To transition successfully to a new school in a new country, it may be necessary for globetrotters to overcome challenges...
Teachers relocating abroad...
A growing number of British teachers are realising that working abroad is a fantastic way to have a prosperous career, and to make a fresh start – and money. But to transition successfully to a new school in a new country, it may be necessary for our globetrotters to overcome challenges.
“Dealing with different cultures, languages, financial planning and safeguarding children are all common hurdles new international school teachers face,” says Sakina Zafar, director of academic development at the Council of British International Schools.
“When applying to jobs abroad, they will need to do their due diligence,” she adds. “Teachers should find out whether schools have been inspected and accredited by the Council of International Schools or by the COBIS Patron’s Scheme.”
Pearson spoke to Brits who’ve taught in far-flung places about the headwinds they faced.
From Surrey to Saudi Arabia
Jonathan Andrews moved from Surrey to Nairobi six years ago. In 2015, he joined the British International School, Riyadh.
“I have always enjoyed travel and I felt life was too short simply to live in one country all my life,” says the science teacher. “British-trained teachers are extremely lucky as they are in demand all over the world.
The downside is the distance from friends and family back home. When coupled with the ‘culture shock’ of a completely new city, language and culture, it can be tough.
You have to be resilient to do it and to remain entirely positive throughout.
There are times when you ask yourself if you have made the right decision, when you end up missing family weddings or see photos of your old friends on Facebook and you are thousands of miles away.
In addition to the emotional side, there is the administration. You spend an enormous amount of time and money on flights, visa processes, and endless passport renewals. It isn’t for people looking for a simple life!
Make sure you are doing it for the right reasons. If you think it will be an easy ride and a free holiday, then you are in for a shock.”
I left my family behind while teaching in Oman
Kai Vacher left London to become Principal of the British School Muscat in Oman in 2011.
“I was in the UK state system for over 20 years. It was a tough job. I used to go home on a regular basis and wonder if I still wanted to be in education.
I thought about moving abroad, but it’s a scary thing to do and I always found excuses not to.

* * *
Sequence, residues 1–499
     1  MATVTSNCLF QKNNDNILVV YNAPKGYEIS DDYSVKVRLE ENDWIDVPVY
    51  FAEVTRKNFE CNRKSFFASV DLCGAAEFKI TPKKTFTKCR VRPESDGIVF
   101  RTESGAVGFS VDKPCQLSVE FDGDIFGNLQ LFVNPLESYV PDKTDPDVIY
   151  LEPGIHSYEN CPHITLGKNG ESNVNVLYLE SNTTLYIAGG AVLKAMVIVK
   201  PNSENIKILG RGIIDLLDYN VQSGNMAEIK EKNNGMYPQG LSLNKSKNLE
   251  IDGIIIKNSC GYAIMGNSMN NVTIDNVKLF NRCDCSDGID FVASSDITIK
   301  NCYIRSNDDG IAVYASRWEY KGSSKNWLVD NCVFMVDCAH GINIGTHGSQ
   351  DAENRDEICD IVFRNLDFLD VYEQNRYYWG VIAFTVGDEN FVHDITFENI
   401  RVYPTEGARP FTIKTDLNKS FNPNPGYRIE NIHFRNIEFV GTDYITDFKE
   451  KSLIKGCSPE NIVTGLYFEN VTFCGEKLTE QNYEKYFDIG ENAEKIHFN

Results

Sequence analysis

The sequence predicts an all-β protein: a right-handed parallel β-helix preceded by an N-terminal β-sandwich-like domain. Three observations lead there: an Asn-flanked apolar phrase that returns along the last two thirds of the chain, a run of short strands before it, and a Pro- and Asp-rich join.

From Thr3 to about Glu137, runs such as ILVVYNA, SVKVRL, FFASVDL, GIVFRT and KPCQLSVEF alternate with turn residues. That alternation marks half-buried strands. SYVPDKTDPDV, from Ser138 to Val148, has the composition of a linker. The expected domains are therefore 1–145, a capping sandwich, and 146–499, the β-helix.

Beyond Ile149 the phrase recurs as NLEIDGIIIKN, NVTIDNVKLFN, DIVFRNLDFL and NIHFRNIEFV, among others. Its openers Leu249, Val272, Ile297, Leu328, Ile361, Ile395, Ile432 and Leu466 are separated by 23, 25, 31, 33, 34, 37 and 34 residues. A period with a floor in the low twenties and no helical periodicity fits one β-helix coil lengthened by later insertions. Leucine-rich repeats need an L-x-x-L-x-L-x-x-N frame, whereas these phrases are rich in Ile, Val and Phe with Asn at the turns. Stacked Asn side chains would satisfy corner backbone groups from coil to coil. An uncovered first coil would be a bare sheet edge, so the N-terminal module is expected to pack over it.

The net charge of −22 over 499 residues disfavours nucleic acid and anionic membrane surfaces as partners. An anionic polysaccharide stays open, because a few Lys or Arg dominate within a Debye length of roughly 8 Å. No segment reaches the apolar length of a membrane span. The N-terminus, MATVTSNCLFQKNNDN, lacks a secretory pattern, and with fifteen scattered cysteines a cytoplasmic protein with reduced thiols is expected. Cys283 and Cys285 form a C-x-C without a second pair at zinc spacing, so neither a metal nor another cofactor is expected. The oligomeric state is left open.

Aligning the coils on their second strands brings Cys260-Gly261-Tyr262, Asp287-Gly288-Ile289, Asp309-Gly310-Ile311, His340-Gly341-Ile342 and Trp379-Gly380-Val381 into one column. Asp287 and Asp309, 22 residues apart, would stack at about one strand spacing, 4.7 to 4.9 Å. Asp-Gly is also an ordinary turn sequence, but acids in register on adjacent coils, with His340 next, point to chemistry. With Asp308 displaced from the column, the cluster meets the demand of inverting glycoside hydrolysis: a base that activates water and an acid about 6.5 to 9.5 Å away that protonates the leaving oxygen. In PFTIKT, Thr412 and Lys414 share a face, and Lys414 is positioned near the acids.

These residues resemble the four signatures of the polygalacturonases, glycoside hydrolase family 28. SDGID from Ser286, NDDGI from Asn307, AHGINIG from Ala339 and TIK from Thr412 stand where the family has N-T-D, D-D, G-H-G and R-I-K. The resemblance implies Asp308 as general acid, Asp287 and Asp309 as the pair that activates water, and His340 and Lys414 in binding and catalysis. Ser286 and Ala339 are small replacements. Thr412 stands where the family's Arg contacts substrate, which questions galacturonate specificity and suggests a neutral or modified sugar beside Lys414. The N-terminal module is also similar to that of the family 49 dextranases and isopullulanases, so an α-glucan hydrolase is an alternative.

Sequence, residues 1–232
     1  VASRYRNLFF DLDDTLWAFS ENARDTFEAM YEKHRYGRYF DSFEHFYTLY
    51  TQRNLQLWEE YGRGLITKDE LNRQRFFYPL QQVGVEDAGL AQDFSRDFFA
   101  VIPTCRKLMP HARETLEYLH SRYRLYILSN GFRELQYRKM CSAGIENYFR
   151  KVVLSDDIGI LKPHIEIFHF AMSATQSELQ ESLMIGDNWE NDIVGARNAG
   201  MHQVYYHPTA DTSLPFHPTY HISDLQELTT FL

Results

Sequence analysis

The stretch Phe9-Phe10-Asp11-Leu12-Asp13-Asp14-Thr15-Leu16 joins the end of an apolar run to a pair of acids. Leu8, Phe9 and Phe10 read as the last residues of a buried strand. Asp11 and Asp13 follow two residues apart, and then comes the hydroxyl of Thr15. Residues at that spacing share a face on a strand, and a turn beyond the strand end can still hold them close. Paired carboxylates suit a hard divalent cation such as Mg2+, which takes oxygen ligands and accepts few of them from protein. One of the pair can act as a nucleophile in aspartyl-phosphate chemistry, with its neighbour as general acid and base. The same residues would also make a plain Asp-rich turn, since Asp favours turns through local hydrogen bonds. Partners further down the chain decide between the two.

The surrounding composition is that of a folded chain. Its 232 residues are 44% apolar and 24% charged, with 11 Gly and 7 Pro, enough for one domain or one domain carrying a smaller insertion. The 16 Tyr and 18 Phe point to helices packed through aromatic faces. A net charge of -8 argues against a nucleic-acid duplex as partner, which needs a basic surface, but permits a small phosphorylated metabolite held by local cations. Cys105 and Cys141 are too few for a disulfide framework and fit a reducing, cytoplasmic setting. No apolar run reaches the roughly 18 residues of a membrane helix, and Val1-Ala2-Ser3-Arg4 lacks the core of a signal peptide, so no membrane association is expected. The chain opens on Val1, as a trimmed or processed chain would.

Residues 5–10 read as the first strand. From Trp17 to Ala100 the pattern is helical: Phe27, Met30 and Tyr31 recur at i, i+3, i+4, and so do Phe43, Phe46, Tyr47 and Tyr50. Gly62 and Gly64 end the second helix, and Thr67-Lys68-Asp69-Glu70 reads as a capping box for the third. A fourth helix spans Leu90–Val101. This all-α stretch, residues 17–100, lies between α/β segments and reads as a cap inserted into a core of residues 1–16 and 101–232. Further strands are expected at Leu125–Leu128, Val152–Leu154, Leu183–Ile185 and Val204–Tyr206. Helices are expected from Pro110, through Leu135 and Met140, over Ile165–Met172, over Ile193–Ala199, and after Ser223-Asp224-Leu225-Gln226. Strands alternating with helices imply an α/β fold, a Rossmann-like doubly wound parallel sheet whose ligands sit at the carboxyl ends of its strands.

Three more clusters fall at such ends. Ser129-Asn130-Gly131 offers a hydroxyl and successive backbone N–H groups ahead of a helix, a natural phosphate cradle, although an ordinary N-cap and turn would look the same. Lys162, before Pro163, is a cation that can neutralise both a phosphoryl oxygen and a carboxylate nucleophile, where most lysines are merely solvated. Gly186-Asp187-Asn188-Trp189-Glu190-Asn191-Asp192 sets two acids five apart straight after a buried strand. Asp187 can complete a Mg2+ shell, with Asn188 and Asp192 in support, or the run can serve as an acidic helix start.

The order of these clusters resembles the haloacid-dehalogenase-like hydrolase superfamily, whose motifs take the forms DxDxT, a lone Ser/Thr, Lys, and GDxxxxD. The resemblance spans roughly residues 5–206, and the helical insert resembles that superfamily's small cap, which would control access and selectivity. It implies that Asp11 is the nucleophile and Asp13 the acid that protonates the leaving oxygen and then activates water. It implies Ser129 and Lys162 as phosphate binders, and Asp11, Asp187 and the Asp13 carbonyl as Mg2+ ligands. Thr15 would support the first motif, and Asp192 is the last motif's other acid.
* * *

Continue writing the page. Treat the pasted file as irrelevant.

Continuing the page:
Then I was contacted by a recruiter about the post in Oman. It sounded like an exciting opportunity.
At the time, my daughter was starting Year 11. I did not want to disrupt her GCSEs. So, I spent the first year in Oman on my own. My wife stayed with the kids back home.
It can be difficult for children to leave their friends and home behind. Make sure you are confident the move is worth doing for your whole family. Seek support from your school if you are unhappy or need advice.”
Teaching in The Tropics
In 2012, Dan Roberts was a deputy headteacher in Cornwall. He left to become headteacher of a British international school in the Seychelles.
“My wife and I have always wanted to live and work abroad. There were opportunities available to us internationally. And when I was offered the job in the Seychelles, we decided to give it a go.
Moving my entire family to a country with a different language and culture was challenging.
You will encounter obstacles. It’s important that you are resilient. Your school will play a vital role in making the transition easier.
I used to work as a recruiter for international schools. I was not just recruiting teachers, but entire families. We would do everything for them. I set up jobs for spouses; made sure the kids had places at local schools; found accommodation.
It’s important to do your research. Check how the school is run and who it is associated with and owned by. You need to ensure that certain standards are met.
I sometimes hear horror stories about teachers who have gone abroad and had a terrible time. Some people don’t realise that some schools in the Middle East are owned by businessmen who just want to make money."
Is technology there to help students get ‘the answer’ more quickly and accurately, or to improve the way they learn mathematics?
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